Dr Cleland Woods explained: “Adolescence can be a period of increased vulnerability for the onset of depression and anxiety, and poor sleep quality may contribute to this. It is important that we understand how social media use relates to these. Evidence is increasingly supporting a link between social media use and wellbeing, particularly during adolescence, but the causes of this are unclear”.

Analysis showed that overall and night-time specific social media use along with emotional investment in social media were related to poorer sleep quality, lower self-esteem as well as higher anxiety and depression levels.
Lead researcher Dr Cleland Woods said “While overall social media use impacts on sleep quality, those who log on at night appear to be particularly affected. This may be mostly true of individuals who are highly emotionally invested. This means we have to think about how our kids use social media, in relation to time for switching off.”

The study is presented at the BPS Developmental and Social Psychology Section annual conference taking place from the 9 to 11 September at The Palace Hotel in Manchester.
________________________________________
Media enquiries: ross.barker@glasgow.ac.uk / 0141 330 8593 http://www.gla.ac.uk/news/headline_419871_en.html

There is something to be said for Cafe Society where people actually meet face-to-face for conversation or the custom of families eating at least one meal together. Time has a good article on The Magic of the Family Meal http://content.time.com/time/magazine/article/0,9171,1200760,00.html It also looks like Internet rehab will have a steady supply of customers according to an article reprinted in the Seattle Times by Hillary Stout of the New York Times. In Toddlers Latch On to iPhones – and Won’t Let Go http://www.seattletimes.com/lifestyle/toddlers-latch-onto-iphones-8212-and-wont-let-go/ Stout reports:

But just as adults have a hard time putting down their iPhones, so the device is now the Toy of Choice — akin to a treasured stuffed animal — for many 1-, 2- and 3-year-olds. It’s a phenomenon that is attracting the attention and concern of some childhood development specialists.

Looks like social networking may not be all that social.

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University of Iowa study: Children learn aggressive ways of thinking and behaving from violent video games

14 Apr

The Center for Sport Policy and Conduct (Sport Center) at Indiana University, Bloomington has excellent capsule definitions of violence, aggression, and deviance According to the Sport Center violence is defined as:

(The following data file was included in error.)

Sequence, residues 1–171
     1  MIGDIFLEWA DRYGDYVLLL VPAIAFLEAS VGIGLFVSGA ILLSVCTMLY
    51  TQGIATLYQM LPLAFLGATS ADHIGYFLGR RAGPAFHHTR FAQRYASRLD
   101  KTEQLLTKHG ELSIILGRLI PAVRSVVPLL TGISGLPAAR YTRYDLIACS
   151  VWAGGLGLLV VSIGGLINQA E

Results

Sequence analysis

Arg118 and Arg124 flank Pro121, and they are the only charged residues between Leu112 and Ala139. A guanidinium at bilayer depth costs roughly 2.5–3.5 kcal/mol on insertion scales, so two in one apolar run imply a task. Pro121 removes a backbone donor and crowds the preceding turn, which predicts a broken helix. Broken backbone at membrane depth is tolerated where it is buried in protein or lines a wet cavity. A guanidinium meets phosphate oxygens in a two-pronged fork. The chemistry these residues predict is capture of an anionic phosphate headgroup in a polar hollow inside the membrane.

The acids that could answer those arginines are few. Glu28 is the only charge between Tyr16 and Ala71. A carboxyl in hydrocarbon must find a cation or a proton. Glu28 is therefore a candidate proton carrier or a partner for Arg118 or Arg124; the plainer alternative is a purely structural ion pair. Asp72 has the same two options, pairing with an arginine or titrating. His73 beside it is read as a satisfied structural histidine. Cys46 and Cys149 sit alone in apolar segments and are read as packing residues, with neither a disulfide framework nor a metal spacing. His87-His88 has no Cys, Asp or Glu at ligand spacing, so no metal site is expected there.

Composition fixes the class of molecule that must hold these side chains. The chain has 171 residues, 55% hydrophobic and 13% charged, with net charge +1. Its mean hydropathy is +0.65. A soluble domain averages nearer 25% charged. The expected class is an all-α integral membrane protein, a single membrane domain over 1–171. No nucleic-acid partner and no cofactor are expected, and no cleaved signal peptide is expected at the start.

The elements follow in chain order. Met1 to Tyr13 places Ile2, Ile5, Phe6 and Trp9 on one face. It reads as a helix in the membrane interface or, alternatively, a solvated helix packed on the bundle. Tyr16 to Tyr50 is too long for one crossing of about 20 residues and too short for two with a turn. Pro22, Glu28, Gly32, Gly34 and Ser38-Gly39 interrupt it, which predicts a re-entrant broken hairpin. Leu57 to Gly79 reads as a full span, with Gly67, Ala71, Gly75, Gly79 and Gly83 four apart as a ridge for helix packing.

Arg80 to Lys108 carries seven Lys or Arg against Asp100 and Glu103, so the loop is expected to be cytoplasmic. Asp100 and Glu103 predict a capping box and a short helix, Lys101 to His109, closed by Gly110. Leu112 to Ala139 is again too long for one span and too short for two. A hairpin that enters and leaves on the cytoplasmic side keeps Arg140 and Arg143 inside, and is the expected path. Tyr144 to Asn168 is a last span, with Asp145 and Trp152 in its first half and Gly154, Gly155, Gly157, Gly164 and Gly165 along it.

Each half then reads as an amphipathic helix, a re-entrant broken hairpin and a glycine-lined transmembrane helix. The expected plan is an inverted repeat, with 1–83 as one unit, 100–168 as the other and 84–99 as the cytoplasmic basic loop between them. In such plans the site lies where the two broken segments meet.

Violence can be seen as a form of physical assault based on an intent to injure another person or destroy the property of others. To continue this definition, “violence in sport violates the norms and rules of the contest, threatens lives and property, and usually cannot be anticipated by the persons affected” (Smith, 1983, p. 6). http://www.indiana.edu/~cspc/violence.htm

Aggression is defined as:

Aggression can be generally defined as all behavior intended to destroy another person’s property or to injure another person, physically or psychologically. It has been reported that action has to violate norms and rules shared by society in order to be defined as aggressive. Several experiments (Tedeschi, Gaes, & Rivera, 1977) found that a protagonist who intends to cause injury is only judged by witnesses to be aggressive when his behavior is also judged to be antinormative; in other words, when they are opposing the social rules that apply to that particular situation. Judgment is the same when the action or “intent to injure” constitutes a response to a previous provocation. If, however, the action exceeds the preceding deed, the revenge is viewed as excessive and judged as inappropriate and aggressive.

Deviance is defined as “Deviant behavior is usually that which departs from the norm; anything that goes against the accepted societal standards could be classified as such.”

Science Daily reported in the article, Life lessons: Children learn aggressive ways of thinking and behaving from violent video games, study finds:

Children who repeatedly play violent video games are learning thought patterns that will stick with them and influence behaviors as they grow older, according to a new study by Iowa State University researchers. The effect is the same regardless of age, gender or culture. Douglas Gentile, an associate professor of psychology and lead author of the study published in JAMA Pediatrics, says it is really no different than learning math or to play the piano…
Researchers found that over time children start to think more aggressively. And when provoked at home, school or in other situations, children will react much like they do when playing a violent video game. Repeated practice of aggressive ways of thinking appears to drive the long-term effect of violent games on aggression.
“Violent video games model physical aggression,” said Craig Anderson, Distinguished Professor of psychology and director of the Center for the Study of Violence at Iowa State and co-author of the report. “They also reward players for being alert to hostile intentions and for using aggressive behavior to solve conflicts. Practicing such aggressive thinking in these games improves the ability of the players to think aggressively. In turn, this habitual aggressive thinking increases their aggressiveness in real life.”